Pachikov had been obsessed with the human brain, and particularly with developing software that would ensure that children go through the essential stages of brain development faster. This, he believes, would make them potentially smarter as they grew. From those questions about the brain came yet another idea: what if you could make a copy of your brain? What if he could develop a system to have your brain backed up? “The idea was that if you die, you could be resurrected, maybe in a few hundred years. It was easy to come to that idea because we can already replicate genes, but when we die, we lose our memory.” He knew that such an idea would be a tough sell. “When you start a new company, you build a shining goal, and after that, you can scale it back to something more realistic. I always use the same approach. To create an impossible vision.”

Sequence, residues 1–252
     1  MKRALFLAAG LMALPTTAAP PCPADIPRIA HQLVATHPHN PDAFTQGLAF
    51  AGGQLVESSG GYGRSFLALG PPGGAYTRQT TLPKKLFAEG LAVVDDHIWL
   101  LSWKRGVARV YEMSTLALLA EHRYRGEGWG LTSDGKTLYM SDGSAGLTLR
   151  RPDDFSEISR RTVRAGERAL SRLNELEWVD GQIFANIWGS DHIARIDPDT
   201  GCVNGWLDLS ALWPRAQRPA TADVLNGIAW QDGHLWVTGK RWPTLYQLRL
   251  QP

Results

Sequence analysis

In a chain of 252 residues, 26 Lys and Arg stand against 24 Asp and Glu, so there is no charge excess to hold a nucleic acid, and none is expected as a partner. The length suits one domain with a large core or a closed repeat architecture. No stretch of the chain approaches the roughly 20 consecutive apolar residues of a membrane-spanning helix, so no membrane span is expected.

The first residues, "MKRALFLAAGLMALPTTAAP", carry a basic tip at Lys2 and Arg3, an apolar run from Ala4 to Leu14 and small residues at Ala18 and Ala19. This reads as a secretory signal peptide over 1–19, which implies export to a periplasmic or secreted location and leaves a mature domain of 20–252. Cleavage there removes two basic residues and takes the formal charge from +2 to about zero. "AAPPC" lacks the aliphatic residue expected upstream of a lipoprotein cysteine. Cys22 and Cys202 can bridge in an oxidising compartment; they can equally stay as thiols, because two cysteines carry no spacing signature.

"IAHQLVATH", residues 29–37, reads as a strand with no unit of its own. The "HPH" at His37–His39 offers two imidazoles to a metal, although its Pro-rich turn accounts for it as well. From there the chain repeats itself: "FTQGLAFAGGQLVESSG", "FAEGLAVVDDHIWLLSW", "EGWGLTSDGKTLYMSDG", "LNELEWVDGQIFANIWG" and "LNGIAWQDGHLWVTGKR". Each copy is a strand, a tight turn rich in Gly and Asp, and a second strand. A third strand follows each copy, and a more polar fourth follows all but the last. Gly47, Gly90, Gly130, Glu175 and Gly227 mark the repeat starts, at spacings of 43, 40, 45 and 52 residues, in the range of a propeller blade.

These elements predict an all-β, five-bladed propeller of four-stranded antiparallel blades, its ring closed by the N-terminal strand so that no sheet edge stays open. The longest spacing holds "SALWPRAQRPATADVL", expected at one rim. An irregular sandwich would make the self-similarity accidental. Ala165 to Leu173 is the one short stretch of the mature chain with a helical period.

But our cheap food come with an additional prize. The system is driven by scale, chemicals and fuel. It puts massive pressure on our dwindling supplies of fresh water and requires loads of resources for production, transport and cooling. Disturbingly one third of the food we produce also goes to waste due to spoilage and overproduction.